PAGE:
# Is $GF_9[x]$ a principal ideal domain but not a field?

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A commutative ring $A$ is a field iff $A[x]$ is a PID

It was proved that a commutative ring $A$ is a field iff $A[x]$ is a principal ideal domain. By this theorem, because $GF_9$ is a finite field, then $GF_9[x]$ must be a principal ideal domian. However in my midterm exam of cryptography. There is a problem said $GF_9[x]$ is a principal ideal domain but not a field. Using the polynomial representation of $GF_9$, we can view $GF_9[x]$ as two variables polynomial in $\alpha$ and $x$ with coefficient belong to $GF_3$.

My question is, how to prove that it is not a field?
Are there any necessary and sufficient condition to make it become a field?

Furthermore, from Wikipedia it is said that
"$K[x,y]$ : rings of polynomials in two variables. The ideal $(x,y)$ is not principal." It confused me that whether $GF_9[x]$ is a principal ideal domain or not.

My question is, how to prove that it is not a field?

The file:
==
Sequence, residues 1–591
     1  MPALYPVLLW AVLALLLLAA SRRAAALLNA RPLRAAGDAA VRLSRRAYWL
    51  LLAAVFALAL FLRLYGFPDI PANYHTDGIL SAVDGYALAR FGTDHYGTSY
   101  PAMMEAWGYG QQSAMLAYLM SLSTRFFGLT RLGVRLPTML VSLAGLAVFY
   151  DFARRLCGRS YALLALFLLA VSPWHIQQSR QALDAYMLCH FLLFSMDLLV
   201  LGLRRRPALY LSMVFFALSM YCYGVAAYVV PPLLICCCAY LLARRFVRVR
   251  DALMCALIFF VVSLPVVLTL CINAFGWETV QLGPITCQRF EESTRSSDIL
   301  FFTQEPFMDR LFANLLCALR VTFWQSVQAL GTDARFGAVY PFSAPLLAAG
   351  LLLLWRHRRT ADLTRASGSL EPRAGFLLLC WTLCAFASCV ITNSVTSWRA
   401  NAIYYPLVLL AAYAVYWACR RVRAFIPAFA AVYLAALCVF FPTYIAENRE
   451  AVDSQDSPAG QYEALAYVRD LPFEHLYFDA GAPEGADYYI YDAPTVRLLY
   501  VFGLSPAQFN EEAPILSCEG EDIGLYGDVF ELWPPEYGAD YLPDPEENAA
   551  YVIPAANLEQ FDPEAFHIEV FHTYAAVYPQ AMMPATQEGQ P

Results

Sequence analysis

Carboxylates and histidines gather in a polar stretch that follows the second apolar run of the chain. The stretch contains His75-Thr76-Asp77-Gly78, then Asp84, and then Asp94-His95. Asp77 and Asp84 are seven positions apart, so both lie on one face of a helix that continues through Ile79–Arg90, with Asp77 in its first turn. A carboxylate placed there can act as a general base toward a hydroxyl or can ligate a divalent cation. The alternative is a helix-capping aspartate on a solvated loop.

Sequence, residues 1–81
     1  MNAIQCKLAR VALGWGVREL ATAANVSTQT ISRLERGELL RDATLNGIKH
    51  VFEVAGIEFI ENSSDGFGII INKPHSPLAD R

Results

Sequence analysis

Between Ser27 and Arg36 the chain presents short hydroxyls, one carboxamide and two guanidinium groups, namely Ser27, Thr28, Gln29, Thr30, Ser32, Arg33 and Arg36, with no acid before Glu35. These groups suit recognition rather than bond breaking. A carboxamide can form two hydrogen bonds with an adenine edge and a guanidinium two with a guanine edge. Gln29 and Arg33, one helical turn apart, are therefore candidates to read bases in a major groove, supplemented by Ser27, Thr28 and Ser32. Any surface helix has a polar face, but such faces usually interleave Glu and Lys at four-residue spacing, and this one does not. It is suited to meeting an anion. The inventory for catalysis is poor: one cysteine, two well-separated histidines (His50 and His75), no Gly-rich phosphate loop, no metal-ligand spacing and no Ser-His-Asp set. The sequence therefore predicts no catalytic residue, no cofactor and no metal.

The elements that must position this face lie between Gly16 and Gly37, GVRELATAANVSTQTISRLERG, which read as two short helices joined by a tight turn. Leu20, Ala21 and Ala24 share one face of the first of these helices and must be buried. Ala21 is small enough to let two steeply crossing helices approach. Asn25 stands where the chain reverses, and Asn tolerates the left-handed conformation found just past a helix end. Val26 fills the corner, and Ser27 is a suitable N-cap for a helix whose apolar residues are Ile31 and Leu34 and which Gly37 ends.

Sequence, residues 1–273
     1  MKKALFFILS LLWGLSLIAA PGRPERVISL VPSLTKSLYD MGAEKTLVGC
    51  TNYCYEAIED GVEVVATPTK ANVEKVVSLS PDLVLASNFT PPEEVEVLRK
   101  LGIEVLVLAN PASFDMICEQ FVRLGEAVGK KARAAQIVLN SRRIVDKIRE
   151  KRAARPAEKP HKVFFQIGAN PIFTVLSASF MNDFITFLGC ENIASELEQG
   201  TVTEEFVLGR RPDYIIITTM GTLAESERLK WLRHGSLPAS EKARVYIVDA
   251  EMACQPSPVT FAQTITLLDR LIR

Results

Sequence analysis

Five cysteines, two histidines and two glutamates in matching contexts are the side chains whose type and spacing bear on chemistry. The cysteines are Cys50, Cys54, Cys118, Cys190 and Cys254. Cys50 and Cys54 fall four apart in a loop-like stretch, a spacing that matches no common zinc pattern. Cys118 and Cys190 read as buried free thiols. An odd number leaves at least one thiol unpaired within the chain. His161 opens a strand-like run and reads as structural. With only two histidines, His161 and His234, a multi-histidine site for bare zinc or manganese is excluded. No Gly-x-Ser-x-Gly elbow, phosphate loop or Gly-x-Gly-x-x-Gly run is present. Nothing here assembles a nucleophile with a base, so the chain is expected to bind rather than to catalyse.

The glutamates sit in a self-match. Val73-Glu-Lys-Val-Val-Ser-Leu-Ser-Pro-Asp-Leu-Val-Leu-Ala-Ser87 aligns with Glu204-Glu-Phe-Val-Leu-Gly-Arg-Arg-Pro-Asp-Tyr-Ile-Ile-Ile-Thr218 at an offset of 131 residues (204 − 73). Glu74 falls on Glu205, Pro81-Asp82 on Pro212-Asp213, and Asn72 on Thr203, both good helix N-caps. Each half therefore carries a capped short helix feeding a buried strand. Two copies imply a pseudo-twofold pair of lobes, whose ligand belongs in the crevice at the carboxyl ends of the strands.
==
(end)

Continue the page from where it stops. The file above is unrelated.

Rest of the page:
You can observe that $x$ does not have an inverse. (Argue by degree, for example.)

Are there any necessary and sufficient condition to make it become a field?

No. The indeterminate $x$ is never invertible in an ordinary polynomial ring over a field.

It confused me that whether $GF_9[x]$ is a principal ideal domain or not.

That example requires two free indeterminates. The point is that $x$ and $y$ cannot be multiples of a single element of $K[x,y]$. In your case, (with a single variable) the argument does not apply.

Using the polynomial representation of $GF_9$, we can view $GF_9[x]$ as two variables polynomial in $α$ and $x$ with coefficient belong to $GF_3$.

No, it is not a full polynomial ring of two variables. It is true that $GF_9\cong GF_3[\alpha]/p(\alpha)$ where $p(\alpha)$ is an irreducible quadratic over $GF_3$, but that does not make the quotient "a polynomial ring." You are describing $GF_3[x,\alpha]/(p(\alpha))$ which is a quotient of $GF_3[x,\alpha]$, and does not fit that argument.

The polynomial ring $K[x]$ is never a field, for a field $K$. Consider the polynomial $f(x)=x$. What could its inverse be, with respect to multiplication? So for $K=GF(9)$ the same is true. And indeed, $K[x]$ is a PID for any field $K$, see this duplicate.

In a field, each nonzero element is invertible. A polynomial ring $R[x]$, where $R$ is a commutative ring without zero divisors, the grade formula holds: $grade(f\cdot g) =\grade(f)+ \grade(g)$ for all nonzero polynomials $f$ and $g$. It follows that $f\cdot g=1$ means that both $f$ and $g$ have grade zero, i.e., are elements of $R$.